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Help identifying this model?


D Big Daddy M
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Custom shop (?) project

Anyone have any idea on the model of this (mostly husk) Les Paul.  The seller claims it is a Custom Shop "Education Series" guitar from Gibson.  I have looked and looked and cannot find anything remotely like it on the internet.  He is asking a very favorable price for it and I would love some more background info before I buy it.  His claim is that he worked at Gibson when he bought it and that he planned to refinish it and never got around to doing so.  His story sounds credible but again I can find no such animal anywhere that I have seen.

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I would not buy this guitar at any price.

Custom Shop "Education Series"....?  I doubt it very much.

The phrase implies a student or beginner's guitar and they wouldn't (need to) make those in the Custom Shop. The highly skilled Custom Shop employees are busy making high-end Gibsons.   Epiphone guitars are more like an "Education Series".  

It's a great phrase but the only education anyone will get from this is the buyer when they realise they have been fooled.

The diamond inlay on the headstock is like a Les Paul Custom, the rest of it looks homemade or like a cheap copy. 

The control knob/switch positions and holes - what there is of them - are far too close together. 

If the neck has a scarf joint (headstock and neck are NOT all one piece) and/or is a bolt-on that's another very big red flag.

Not legit at all IMO. 

Edited by jdgm
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Gibson "Education Series" are evidently Gibson-Baldwin guitars, and nowhere near the stratosphere of regular Gibson, let alone the Custom Shop.  Hence, that head-stock is TOTALLY wrong.  Other than that, the guitar looks right.  It likely has a "Gibson-Baldwin Music Education" neck plate (see pic) for its bolted-on neck.  These guitars sell for $100 in good condition.  Your example is worth a sub-compact tank of gas.

s-l500.jpg

Edited by 01GT eibach
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9 hours ago, 01GT eibach said:

Gibson "Education Series" are evidently Gibson-Baldwin guitars, and nowhere near the stratosphere of regular Gibson, let alone the Custom Shop.  Hence, that head-stock is TOTALLY wrong.  Other than that, the guitar looks right.  It likely has a "Gibson-Baldwin Music Education" neck plate (see pic) for its bolted-on neck.  These guitars sell for $100 in good condition.  Your example is worth a sub-compact tank of gas.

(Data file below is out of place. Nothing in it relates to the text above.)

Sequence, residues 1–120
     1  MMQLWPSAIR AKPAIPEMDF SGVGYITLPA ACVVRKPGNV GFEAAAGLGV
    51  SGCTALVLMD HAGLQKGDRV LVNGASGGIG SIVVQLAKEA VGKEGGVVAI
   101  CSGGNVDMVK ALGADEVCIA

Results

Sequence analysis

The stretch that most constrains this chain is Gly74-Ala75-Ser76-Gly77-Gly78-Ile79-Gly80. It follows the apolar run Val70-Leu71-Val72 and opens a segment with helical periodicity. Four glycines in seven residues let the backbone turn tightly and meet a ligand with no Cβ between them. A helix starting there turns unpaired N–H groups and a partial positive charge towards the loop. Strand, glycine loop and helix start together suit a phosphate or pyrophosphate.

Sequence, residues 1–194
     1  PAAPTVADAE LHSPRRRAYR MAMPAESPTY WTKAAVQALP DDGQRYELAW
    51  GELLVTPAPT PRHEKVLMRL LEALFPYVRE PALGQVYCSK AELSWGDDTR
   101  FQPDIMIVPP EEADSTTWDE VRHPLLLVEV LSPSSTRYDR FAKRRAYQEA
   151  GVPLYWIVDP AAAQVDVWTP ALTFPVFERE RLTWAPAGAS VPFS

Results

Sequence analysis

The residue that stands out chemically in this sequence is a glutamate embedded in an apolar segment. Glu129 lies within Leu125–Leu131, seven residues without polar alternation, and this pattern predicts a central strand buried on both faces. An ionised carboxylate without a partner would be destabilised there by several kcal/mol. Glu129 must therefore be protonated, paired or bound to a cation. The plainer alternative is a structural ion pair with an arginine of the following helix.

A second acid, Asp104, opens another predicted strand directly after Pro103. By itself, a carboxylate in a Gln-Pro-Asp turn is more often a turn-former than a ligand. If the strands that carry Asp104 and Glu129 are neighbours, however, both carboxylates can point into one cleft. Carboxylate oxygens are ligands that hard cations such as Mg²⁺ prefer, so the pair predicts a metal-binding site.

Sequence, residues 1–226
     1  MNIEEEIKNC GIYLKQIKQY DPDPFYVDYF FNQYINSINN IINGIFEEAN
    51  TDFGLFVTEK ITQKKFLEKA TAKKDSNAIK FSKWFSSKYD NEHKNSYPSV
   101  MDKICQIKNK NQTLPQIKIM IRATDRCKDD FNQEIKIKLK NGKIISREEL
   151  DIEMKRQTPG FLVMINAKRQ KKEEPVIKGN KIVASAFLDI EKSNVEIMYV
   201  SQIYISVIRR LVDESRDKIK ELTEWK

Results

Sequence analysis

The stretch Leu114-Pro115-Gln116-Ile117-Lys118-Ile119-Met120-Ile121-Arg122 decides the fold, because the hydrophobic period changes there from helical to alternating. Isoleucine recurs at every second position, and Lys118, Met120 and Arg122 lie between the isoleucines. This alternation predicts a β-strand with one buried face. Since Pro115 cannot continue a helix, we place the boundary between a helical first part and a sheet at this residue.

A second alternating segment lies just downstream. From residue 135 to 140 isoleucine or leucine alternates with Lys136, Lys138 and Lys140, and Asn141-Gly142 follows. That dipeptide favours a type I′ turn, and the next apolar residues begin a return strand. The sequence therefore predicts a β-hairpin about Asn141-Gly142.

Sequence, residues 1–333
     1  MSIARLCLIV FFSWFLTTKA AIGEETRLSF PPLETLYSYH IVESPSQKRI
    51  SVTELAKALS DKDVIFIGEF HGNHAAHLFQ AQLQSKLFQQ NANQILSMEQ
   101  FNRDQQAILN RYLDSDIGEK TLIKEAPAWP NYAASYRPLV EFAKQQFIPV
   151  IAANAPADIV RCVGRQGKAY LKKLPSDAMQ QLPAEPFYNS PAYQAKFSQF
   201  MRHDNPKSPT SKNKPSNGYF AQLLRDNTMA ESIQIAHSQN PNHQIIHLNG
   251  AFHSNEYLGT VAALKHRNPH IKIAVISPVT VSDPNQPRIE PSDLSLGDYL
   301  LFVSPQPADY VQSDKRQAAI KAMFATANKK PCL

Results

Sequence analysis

Many thanks for this informative post, exactly why this forum is still so good; I for one was completely unaware of  "Gibson-Baldwin Music Education"  - a forgotten piece of history.

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Not sure what your budget is but there is good used real Gibson stuff out there that can be had for almost any price range depending of what you want.  I bought a killer SG Special for $600 a few years back. It was clean and stock and a rock machine. Take advantage of what someone else does not what. Used is that way to go. With acoustics I would go new. Getting a nice acoustic and then finding out it need a $400 neck reset is a bummer.

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  • 2 weeks later...

Just to put the cap on this thread..... 

Being curious, I googled "Gibson-Baldwin guitars" and found out Gibson set it up in 2005 -

 

-  Gibson Guitar has created Gibson Baldwin Music Education (GBME), a new division dedicated to supporting music education by offering new lines of affordable instruments and by donating portions of proceeds to music education foundations. The GBME division is based in Nashville, Tenn., at the company’s corporate headquarters.

Gibson Baldwin Music Education will focus on producing and delivering a line of entry-level guitars, amps and accessories to retailers across the nation at affordable prices. The division will focus on servicing the beginning player and early music students.

The Gibson Baldwin Music Education program will offer Maestro, Echelon, Genesis and Signature brands; the line of instruments will include both electric and acoustic guitars, bass guitars, woodwinds, horns and percussion instruments. GBME will also offer amplifiers and a full line of Gibson branded accessories. Gibson Guitar will also offer select musical education foundations a percentage of proceeds from products sold under the Gibson Baldwin Music Education program.

“The Gibson Guitar and Baldwin Piano companies were founded by music educators, and our new GBME division will continue our century-plus tradition of supporting music education,” said Gibson chairman and CEO, Henry Juszkiewicz. “Gibson is committed to telling students about the many rewards of musicianship, and is very pleased to offer such high quality, affordable instruments to beginning music students.”  -

 

Is it still going?

:-k

I didn't look any further into this, but I doubt it.

Edited by jdgm
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